In those days John the Baptist came…
“A voice of one calling in the wilderness,
‘Prepare the way for the Lord,
make straight paths for him.’”
John’s clothes were made of camel’s hair, and he had a leather belt around his waist. His food was locusts and wild honey. People went out to him from Jerusalem and all Judea and the whole region of the Jordan. Confessing their sins, they were baptized by him in the Jordan River…. “I baptize you with water for repentance. But after me comes one who is more powerful than I, whose sandals I am not worthy to carry. He will baptize you with the Holy Spirit and fire. His winnowing fork is in his hand, and he will clear his threshing floor, gathering his wheat into the barn and burning up the chaff with unquenchable fire.
In the tinselly and joyful season of Christmas, the figure of John the Baptist always seems a bit jarring. If you’ve ever organized your Bible readings through the lectionary, then you’ve certainly encountered John the Baptist during Advent. The stark dress, the apocalyptic grooming habits, and the overly frugal meal plan always seem a tad over-serious. As if he’s lurking back in the shadows of a party, waiting till a good laugh is rolling over the crowd to suddenly stand up and remind everyone of their mortality. “Behold,” he shouts, “I know that joke about Santa, and the elf, and Jack Frost walking into a bar is funny, but do you know that the suicide rate goes up every Christmas season? Does that make you feel jolly? Sure, I’m the only one saying these things in a wilderness of laughing, but we’ve got to prepare for this!”
That’s how he strikes me at least, but perhaps it didn’t always feel this way. It use to be, and for some still is, that the dividing line between Advent and Christmas was drawn with thick ink. Advent belonged to John. Christmas belonged to Jesus. John had to do the hard, jarring work of preparing us to meet Jesus. He had to knock down some hills and lift up some valleys to make a straight road for the Christ to walk in on. Because it was and is no small thing to have God walk the earth.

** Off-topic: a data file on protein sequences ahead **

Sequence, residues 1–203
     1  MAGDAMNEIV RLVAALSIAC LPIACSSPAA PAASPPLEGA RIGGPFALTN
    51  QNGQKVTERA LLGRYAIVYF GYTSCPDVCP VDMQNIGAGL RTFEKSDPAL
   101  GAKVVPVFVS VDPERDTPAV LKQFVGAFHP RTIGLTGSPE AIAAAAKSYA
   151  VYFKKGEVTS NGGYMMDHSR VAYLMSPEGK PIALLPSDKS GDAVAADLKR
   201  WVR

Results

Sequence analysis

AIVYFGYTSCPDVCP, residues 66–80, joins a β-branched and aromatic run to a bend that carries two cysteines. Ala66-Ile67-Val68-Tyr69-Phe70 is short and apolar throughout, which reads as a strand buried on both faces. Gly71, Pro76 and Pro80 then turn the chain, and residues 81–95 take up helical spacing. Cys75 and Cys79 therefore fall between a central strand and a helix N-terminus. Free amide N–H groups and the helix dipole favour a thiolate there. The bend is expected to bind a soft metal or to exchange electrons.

But often, in our commercialized Christmas world that now begins before Thanksgiving even ends, the immensity of the Incarnation doesn’t translate. It’s hard to find Jesus most of the time, and when you do, He’s a sweet little baby laying down a sweet little head. He’s having, as far as I know, the first and only peaceful and quiet pre-epidural birth in history in a tiny strangely cozy manger, apparently never even crying. Attended by parents who are happily receiving vagrant wanderers, astrologists, and grimy shepherds. It is quaint and kitsch. And so saccharine that thinking about it might give you a cavity.
But the truth is, you don’t need a John the Baptist for that kind of a thing. Santa surely doesn’t need a John the Baptist. Believe in him if you want to, or don’t. Put the cookies out or forget, he’ll still show up ho-ho-ho-ing. He twinkles and his belly laughs. It’s what he does. And you don’t need to prepare for that.
But the Incarnation is something else entirely. The world changed that day. It was shaken to its very core, because its Creator became a part of the creation. God participated in His world in a way that He had never done before. He began the work, as Paul said in Ephesians 4, of making God “over all, and through all, and in all.” Or as he said in 1 Corinthians 15, to make God “all in all.” Things have never been the same. The first steps of redemption were in many ways the loudest. They rang the gong of God’s re-creative work. The second Adam came to work. The true Image of God began to renew the broken and diseased men and women who had been created in God’s image, but had rejected and marred it. The actions on the cross and in the resurrection became communicable through the Incarnation. Our hope for a personal relationship with God became a concrete reality through a God who became human. And death, corruption, evil, and darkness in God’s world is being crowded out by His ever growing light and life until one day, God will be all in all and sin will be no more.
And that is good news, but it ain’t quaint. Sin and corruption don’t go quiet. All the false and cheap things will get tossed in the wind. All that we grab onto instead of Him will get winnowed away. Because in the Incarnation, God declares and even demands that He be all in all. If He wanted to hold back, then there would have never been a Christmas. And for that kind of work, you need a John the Baptist. A dull and sleeping world slumbering in sin needs waking up. We need waking up. Let us toss out all the chaff we fill our lives with and cling to Christ, the God made Man. He will renew in us God’s Image, for He is the true Image of God.